Tad strikes out at first, tiny fists punching pin-pricks of pain into the deer's backside. She understands and simply rests. Mother sees that the deer is not crushing them, in fact she's protecting them. Mom calms Tad, then turns to find that the baby is fascinated with the brown and blonde hair covering the deer's back. The baby uses fist-fulls of that strong hair to pull himself to his feet, then he toddles along the edge of this gigantic back, one hand at a time. The deer feels the baby, to her it feels like butterfly wings brushing against her hide.
The deer relaxes, then rests her head on the ground while keeping a look out for the crows. They're not far...she can see them resting on a branch, watching, waiting for their next opportunity.
Mother settles into the cleft of the tree, then pushes around the soft, warm dirt and makes herself comfortable. Tad sits and stares around as if he can't believe his eyes. The baby continues his exploration of the deer. For right now, everyone is relatively safe and comfortable.
Eventually, the warmth of the afternoon settles over everyone like a soft blanket. Cozy and settled, Tad leans against the tree and begins softly snoring. The baby climbs into his lap, using his thigh as a pillow, and the baby sleeps. Mom leans back and rests...for the first time this day, she relaxes and feels somewhat safe.
She doesn't understand why this deer has settled here, has intervened and waved off the crows. Right now, not knowing "The Why" is just fine; the fact is that the deer is here, she and her sons are safe, and for just a few moments, she can breathe. In a little while, she'll collect herself and create a plan for getting her boys back home safely.
Then there's a flitter above. Several dark forms fly quickly through the treetops, then the two crows take wing and follow their fellows. The threat to the elves has left.
Where or what the crows seek, no one knows, but the deer can see that they are gone. She gathers her strength, rises to her feet, then stretches her back and neck. Delicately backing away, she looks down at the tiny family that has been sheltering behind her. Lowering her head, she inspects them closely.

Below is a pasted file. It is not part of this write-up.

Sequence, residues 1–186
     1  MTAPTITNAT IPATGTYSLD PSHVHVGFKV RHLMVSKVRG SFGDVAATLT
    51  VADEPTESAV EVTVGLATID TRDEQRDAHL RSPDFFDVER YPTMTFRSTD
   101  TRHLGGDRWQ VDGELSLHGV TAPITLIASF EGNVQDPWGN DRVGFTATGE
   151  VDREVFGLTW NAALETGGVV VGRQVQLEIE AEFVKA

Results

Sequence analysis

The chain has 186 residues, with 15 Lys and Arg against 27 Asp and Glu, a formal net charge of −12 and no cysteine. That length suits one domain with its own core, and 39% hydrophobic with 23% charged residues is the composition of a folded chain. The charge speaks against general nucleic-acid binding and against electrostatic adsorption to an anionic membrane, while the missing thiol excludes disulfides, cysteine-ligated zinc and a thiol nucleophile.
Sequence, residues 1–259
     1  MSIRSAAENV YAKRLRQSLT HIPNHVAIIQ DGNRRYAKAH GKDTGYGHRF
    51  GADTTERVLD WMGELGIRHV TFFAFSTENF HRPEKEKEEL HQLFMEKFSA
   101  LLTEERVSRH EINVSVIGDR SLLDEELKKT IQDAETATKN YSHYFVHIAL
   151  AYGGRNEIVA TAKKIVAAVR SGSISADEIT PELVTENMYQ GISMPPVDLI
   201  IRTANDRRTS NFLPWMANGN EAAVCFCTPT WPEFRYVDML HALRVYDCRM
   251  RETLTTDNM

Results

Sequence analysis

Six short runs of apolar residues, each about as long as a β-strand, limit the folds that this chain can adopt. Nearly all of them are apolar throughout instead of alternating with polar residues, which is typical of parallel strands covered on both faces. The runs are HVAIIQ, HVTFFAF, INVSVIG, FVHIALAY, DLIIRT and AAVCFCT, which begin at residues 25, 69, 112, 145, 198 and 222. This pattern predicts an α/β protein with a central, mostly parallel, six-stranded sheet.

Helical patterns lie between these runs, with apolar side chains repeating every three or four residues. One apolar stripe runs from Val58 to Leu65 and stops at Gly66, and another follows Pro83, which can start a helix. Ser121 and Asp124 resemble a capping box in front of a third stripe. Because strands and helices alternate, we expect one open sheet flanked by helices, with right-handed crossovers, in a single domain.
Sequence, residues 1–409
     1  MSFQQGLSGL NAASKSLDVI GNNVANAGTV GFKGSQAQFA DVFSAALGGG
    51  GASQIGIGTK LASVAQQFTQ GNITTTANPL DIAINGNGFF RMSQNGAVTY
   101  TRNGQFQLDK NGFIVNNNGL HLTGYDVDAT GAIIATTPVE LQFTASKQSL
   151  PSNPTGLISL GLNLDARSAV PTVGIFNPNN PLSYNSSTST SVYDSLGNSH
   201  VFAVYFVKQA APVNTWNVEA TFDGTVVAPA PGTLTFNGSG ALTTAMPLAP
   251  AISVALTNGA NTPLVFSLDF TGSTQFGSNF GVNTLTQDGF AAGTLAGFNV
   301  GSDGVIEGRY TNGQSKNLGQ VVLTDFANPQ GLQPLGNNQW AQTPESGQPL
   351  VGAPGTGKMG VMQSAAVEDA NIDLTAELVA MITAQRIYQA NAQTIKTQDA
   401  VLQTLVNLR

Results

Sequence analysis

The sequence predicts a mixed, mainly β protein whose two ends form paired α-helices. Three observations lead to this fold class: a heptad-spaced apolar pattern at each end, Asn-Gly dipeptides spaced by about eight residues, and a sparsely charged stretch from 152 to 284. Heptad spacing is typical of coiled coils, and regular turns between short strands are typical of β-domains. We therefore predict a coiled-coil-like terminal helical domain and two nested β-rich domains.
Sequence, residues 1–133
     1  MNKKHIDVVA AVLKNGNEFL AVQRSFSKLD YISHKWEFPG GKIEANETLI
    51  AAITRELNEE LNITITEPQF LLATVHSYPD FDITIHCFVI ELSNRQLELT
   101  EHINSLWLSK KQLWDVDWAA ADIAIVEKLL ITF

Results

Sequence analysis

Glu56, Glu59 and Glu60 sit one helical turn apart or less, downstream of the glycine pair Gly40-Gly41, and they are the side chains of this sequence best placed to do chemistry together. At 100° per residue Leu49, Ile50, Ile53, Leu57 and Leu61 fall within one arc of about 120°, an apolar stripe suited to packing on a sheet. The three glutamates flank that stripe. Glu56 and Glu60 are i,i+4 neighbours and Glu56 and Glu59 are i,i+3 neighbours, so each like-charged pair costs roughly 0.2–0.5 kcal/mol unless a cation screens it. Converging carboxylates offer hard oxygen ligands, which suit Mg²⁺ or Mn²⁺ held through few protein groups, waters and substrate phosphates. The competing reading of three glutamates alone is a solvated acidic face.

Mother stands, yawns, then sees the deer's face close to the ground.
"How to thank her?" Mother thinks. The deer snuffles again, and looks directly at Mother. Brown eyes meet brown eyes. Mother walks closer and extends her hands. As she slowly approaches, the deer is very still, simply breathing and watching.
Mother cannot know that this deer is also a mother, that this deer will be going back to find her fawn, and will continue tirelessly to try to keep him safe. Yet Mother senses the patience in this deer. Mother comes closer and closer until she can reach out and touch the deer's face. The deer is very still. Mother touches, then strokes, and feels the deer's warmth. Finally, Mother wraps her arms around the deer's snout and she leans in gripping her friend with warmth and love.
The deer, feeling Mother's gentle touch and the slight weight continues to be very still, but she closes her eyes. Heart to heart, they thank each other.
If not for the deer, the elves would likely have been a crow luncheon. If not for the elves, the deer probably would have continued to wander...possibly finding the hunters again. By huddling together, they protected each other. Now both mothers can go back and care for their children, and continue with their lives.
Will they ever meet again? Not likely. Will either mother ever forget this day? Absolutely not.
Regardless of form, background, or preferences, mothers recognize each other.
The love and affection a mother shows her children is recognizable in any place and at any time; that love transcends any culture, language, or physical difference.
A mother's love is a timeless treasure.